All substances on our planet are composed of different combinations of molecular stuctures. Scientific research has enabled us, for better or worse, to create synthesized compounds based on our knowledge of their molecular building blocks. These have become the medicines and functional synthetic chemicals of today.
The same research that has enabled the creation of synthetic drugs has given us an accurate picture of the chemical structure of essential oils: nature’s first medicine. Essential oils, unlike synthetic chemicals which are created for single purpose solutions, are extremely diverse in their effects.
A common misconception is that a plant’s essential oil is the same as a vegetable oil and, therefore, equivalently benign. While both are oils, the molecular structure of essential oils are far more complex than that of vegetable oils. Known chemically as fatty acids, vegetable oils are linear in structure with a simple chain of carbon and hydrogen atoms. In contrast, the chemical structure of a plant’s essential oil forms a ring of many complex molecules and additional atoms, such as sulfur and nitrogen, that are not found in other non-essential plant oils.
Chemical Constituents of Essential Oils
Some particular groups of organic molecules are commonly found in a variety of essential oils. Much research has been completed on these groups of constituents and their effects have been well documented. Here are a few of the more common ones:
- Alcohols (found in Ravensara, toning)
- Aldehydes (found in Lemongrass, calming)
- Esters (found in Lavender, balancing)
- Ethers (found in Tarragon, balancing)
- Keytones (found in Sage, mucolytic)
- Phenols (found in Savory, stimulant)
- Terpenes (found in Pine, stimulant)
You are probably already familiar with many of these constituents as they are commonly present in our medicines, foods, and surroundings and are often responsible for the characteristics of many products. For example, the aromas found in fine wines are a direct result of a particular combination of aromatic esters and liquid vapor.
One of the things that makes essential oils so unique and beneficial is that they do not consist of a single chemical. Each oil is a combination of hundreds of different organic chemicals. This makes them ideal for killing and preventing the spread of bacteria. Here’s why: when a bacterial colony encounters a synthetic antibiotic with only one active chemical, some bacteria mutate to survive the attack from the antibiotic. This results in stronger bacteria such as MRSA (Methicillin Resistant Staphylococcus Aureus) that have evolved to be completely resistant to an antibiotic.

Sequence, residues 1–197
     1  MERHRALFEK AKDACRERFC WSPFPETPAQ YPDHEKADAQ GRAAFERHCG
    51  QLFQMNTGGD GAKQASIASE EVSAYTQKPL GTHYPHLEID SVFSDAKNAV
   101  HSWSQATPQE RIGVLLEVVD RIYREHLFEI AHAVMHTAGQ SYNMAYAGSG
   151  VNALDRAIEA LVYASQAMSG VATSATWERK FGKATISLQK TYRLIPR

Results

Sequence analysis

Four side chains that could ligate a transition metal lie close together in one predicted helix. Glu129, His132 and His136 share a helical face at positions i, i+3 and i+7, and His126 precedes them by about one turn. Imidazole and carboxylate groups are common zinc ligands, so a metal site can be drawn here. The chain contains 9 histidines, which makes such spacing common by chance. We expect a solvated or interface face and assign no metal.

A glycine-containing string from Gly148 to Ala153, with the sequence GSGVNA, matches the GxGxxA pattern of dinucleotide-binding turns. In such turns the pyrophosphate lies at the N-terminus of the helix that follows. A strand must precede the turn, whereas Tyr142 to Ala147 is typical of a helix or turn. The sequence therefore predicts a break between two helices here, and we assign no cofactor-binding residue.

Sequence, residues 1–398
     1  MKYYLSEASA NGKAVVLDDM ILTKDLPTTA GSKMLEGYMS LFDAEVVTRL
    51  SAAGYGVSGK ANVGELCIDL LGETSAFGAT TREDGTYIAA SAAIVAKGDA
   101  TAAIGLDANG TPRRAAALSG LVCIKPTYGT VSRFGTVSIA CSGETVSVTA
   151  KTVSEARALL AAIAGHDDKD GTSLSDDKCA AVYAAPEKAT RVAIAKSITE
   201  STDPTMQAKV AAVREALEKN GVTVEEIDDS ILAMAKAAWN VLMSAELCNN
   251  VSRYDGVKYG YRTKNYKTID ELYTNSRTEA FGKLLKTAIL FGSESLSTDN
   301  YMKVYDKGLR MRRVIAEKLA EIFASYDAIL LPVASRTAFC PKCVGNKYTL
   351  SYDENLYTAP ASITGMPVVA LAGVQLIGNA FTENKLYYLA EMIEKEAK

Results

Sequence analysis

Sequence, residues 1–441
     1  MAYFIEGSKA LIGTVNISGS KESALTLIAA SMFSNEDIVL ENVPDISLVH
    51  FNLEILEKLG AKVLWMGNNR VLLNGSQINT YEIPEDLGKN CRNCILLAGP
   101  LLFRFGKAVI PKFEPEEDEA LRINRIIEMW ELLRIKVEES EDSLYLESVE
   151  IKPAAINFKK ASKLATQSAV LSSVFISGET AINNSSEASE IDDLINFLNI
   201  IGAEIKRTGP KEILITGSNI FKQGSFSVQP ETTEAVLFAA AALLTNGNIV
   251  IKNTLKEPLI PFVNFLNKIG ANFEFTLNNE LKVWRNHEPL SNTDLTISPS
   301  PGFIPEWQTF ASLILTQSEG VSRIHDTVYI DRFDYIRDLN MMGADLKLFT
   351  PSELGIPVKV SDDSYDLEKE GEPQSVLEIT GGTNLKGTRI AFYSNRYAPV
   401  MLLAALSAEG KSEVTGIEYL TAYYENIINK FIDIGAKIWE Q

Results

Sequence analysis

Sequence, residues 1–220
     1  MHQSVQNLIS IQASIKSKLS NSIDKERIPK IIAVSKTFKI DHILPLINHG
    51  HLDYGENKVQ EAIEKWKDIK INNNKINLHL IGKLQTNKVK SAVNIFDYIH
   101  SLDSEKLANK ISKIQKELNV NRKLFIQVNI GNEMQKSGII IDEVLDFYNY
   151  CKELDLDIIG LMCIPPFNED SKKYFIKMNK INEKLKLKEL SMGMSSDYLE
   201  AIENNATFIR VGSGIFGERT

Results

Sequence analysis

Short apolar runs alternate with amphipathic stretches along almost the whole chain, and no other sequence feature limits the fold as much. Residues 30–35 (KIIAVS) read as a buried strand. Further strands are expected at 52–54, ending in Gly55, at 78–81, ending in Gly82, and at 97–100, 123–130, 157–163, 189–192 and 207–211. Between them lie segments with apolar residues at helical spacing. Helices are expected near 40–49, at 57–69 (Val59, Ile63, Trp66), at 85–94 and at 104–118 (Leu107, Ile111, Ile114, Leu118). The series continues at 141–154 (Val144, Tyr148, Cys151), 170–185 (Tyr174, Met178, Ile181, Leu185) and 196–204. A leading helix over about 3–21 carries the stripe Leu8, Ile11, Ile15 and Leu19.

Even a single essential oil contains such a large and varied number of antiseptic and antibacterial constituents that bacteria have trouble mutating enough to survive each and every one. This broad spectrum action results in extremely effective, natural antibiotics. Research was presented at the March 2000 International Symposium in Grasse, France by Dr. Bérangere Arnal-Schnebelen showcasing the antibacterial effects of essential oils against several harmful infectious agents. In his study, Dr. Bérangere Arnal-Schnebelen found that Spanish oregano and cinnamon proved to be over 95 percent effective against Candida albicans, E. coli, and a Streptococcus strain.
Antioxidant Properties of Essential Oils
Molecules called free radicals, long believed to be the culprits behind aging and serious conditions such as cancer and heart disease, cause a harmful process in the cells called oxidation. According to the US National Library of Medicine, “free radicals are produced when your body breaks down food, or by environmental exposures like tobacco smoke and radiation.” Because of this, there has been a huge health movement focused around bringing more antioxidants into the body. High levels of antioxidants can be found in many foods, such as certain berries and spices, but they are also found in high concentrations in some essential oils due to their unique chemical composition.
Antioxidant capacities of substances are measured in laboratories by a standardized system called ORAC which quantifies the Oxygen Radical Absorbance Capacity. The antioxidant values of different substances are publicly available at various online databases such as oracvalues.com.
If you know the ORAC value for a certain essential oil, you can now compare that to common “super foods” such as blueberries, Acaii berries, and pomegranate. All ORAC values are reported as micromoles Trolox equivalent (TE) per 100 gram sample.
Acaii Berries: 102,700
Cinnamon Essential Oil: 103,448
Oregano Essential Oil: 153,007
Clove Essential Oil: 10,786,875
Essential oils can enter the body through ingestion, inhalation, or absorption. We will discuss these in detail in a later lesson when we learn the safe and proper uses of essential oils.
The next lesson focuses on the following 3 topics.
- Essential Oils & the Human Body
- How Plants Form Essential Oils
- Therapeutic Grade & the Dangers of Adulterated Oils
We will also be introducing our Oil Classes which give you detailed application & properties information about each oil. These lessons will be available 24/7 online to our wonderful community of Wholesale Members (Young Living Independent Distributors). Becoming a Young Living Independent Distributor is easy and the benefits are huge! As a distributor you will be able to order oils for your own personal use at the wholesale prices, receive additional discounts on regular orders, become eligible to earn commissions, and unlock access to a world of information & opportunities only available to Young Living Independent Distributors. Click below to learn how!